Simple fitness trackers are giving way to smart watches as the wearables trend picks up steam. Designers and tech wizards are gazing into the future and finding more ways to use microprocessors to enhance people’s lives. What’s next in the realm of tiny gadgets? The projects that are in the works encompass everything from socks to handbags and offer features from mindfulness meditation to linguistics. Read on to learn more about the upcoming trends in micro tech.
Image via Flickr by ForbesOsti
What if your shirt could tell you how much effort your bicep was exerting? Would you like to have socks that recorded the pressure under your feet when you run? Maybe you’d like a jacket that you can use like a credit card or one that tracks your heart rate. Smart clothing is the next step in wearables, and it’s already in development. Sensors embedded in the fibers of clothing will be invisible to onlookers, but can pair with a powerful smartphone to create two-way interactions; for instance, your clothing can record your body temperature, send that data to your phone, and receive instruction on how to adjust itself for your comfort.
Early adopters and athletes have been willing to sacrifice fashion for function, but as wearables go mainstream, they will need to adapt to a wider market. Small devices like the Misfit Shine already nest inside customizable straps and pendants. Companies like Fitbit are beginning to work with top designers to create wristbands that will look good peeking out of couture suit sleeves in boardrooms and courtrooms. Other companies, like Ringly, are creating cocktail rings and bracelets that look like traditional jewelry but have smart technology built in.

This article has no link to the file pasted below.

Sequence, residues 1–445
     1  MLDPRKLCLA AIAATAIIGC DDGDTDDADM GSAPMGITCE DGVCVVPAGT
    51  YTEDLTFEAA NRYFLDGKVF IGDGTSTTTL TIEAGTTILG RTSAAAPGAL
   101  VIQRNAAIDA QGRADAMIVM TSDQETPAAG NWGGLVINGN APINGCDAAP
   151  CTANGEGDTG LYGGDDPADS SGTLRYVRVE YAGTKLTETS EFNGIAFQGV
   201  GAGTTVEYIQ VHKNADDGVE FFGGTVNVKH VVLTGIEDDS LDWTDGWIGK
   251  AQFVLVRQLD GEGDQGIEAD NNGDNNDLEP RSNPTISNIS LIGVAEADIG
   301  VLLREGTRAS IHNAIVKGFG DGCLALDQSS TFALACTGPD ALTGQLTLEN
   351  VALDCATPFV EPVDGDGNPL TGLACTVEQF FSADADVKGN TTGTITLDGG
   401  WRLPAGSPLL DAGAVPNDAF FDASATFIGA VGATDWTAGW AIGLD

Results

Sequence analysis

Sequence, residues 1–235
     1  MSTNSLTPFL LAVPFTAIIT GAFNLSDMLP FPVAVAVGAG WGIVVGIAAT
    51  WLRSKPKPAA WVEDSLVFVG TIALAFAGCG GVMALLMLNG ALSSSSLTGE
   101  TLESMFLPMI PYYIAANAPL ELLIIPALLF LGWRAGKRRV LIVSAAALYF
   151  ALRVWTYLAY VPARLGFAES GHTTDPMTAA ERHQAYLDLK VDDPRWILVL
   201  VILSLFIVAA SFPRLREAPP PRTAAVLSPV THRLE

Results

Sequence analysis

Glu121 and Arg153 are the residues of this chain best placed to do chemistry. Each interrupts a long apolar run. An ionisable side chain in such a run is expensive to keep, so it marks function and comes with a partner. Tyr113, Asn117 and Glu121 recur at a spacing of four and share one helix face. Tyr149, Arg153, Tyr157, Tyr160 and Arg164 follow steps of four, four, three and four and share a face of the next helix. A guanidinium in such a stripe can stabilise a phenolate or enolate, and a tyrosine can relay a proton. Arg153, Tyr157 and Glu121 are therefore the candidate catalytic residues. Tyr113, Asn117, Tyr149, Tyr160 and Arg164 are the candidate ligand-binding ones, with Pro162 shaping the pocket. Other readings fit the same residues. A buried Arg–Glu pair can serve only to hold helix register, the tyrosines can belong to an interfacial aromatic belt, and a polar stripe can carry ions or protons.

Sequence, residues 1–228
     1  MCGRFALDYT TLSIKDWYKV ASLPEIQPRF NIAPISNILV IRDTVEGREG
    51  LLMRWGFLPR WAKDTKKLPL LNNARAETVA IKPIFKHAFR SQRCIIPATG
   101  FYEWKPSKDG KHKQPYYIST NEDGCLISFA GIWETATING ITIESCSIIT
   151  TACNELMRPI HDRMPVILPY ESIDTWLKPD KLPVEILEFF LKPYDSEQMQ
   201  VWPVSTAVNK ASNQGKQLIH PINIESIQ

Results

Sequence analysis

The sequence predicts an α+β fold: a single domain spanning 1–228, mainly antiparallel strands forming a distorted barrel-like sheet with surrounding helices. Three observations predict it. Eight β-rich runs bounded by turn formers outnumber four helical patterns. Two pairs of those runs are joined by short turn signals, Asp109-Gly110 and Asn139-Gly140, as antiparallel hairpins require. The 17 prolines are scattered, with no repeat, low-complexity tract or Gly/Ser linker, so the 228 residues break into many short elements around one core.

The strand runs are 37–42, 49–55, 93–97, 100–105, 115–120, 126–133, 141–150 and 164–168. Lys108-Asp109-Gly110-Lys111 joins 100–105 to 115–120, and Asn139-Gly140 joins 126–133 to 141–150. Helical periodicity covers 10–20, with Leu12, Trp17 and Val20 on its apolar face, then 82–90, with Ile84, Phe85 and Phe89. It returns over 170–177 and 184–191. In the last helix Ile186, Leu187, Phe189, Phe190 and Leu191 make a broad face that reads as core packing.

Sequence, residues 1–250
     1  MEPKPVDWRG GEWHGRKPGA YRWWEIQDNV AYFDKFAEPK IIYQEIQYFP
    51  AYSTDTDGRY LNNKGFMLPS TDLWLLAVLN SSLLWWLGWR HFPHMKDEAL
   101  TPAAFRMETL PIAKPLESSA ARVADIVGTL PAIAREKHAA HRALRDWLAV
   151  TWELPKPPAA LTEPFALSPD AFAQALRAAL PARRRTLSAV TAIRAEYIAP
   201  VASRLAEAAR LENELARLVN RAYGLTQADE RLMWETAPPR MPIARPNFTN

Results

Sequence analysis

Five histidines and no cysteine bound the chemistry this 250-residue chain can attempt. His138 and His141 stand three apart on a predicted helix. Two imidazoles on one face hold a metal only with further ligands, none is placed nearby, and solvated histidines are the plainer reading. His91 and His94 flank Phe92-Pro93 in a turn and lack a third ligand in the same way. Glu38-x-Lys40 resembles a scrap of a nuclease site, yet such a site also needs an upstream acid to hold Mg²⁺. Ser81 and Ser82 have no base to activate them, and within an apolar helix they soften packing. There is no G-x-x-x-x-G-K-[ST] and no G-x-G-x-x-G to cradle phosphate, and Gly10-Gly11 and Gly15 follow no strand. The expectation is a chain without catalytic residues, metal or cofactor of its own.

So far, most of the successful wearable technology has been health-oriented. The earliest devices were elaborate pedometers that also tracked sleep, and later models expanded on that model by adding heart-rate monitors and other health-tracking functions. But companies are beginning to ask what other functions users want to carry with them. A bedazzled clutch handbag that doubles as a high-end Bluetooth speaker is one creative example. A bracelet that tracks your body temperature and then helps you adjust it by cooling down or warming up your wrist is in the works, too.
Many mainstream trackers have ignored women’s unique health concerns, but a few devices are beginning to recognize that half their market needs to track menstrual cycles as well as steps and sleep. Some women have obvious reasons for tracking, like trying to conceive or prevent pregnancy, but healthcare providers expect all women to know the date of their last menstrual cycle any time they seek care. Devices like Bellabeat’s Leaf attract female users by adding this functionality.
Some trackers are already working to appeal to the wellness market. The Spire is the most successful device in this area so far. Spire tracks your breath throughout the day and alerts you when you show signs of stress, so you can take a moment to calm yourself. The app offers guided meditations that can bring you back on track when you lose your cool. Future devices could offer built-in biofeedback features that could help people learn to cope with a variety of issues, from anxiety to addiction.
Earbuds that automatically translate language are one of the most exciting developments in wearable technology. Waverly Labs has been funding its Pilot translation earbuds and is now beginning to take pre-orders. The device could be a game-changer for travelers, diplomats, and international business people.
Today’s devices already pack a tremendous amount of functionality into a wristband or cocktail ring. Fitness trackers have started a trend that is limited only by the imagination of techies and designers as wearable devices make advances in both form and function. This is a realm that will see rapid development in the next few years.
Tags: Wearable Concepts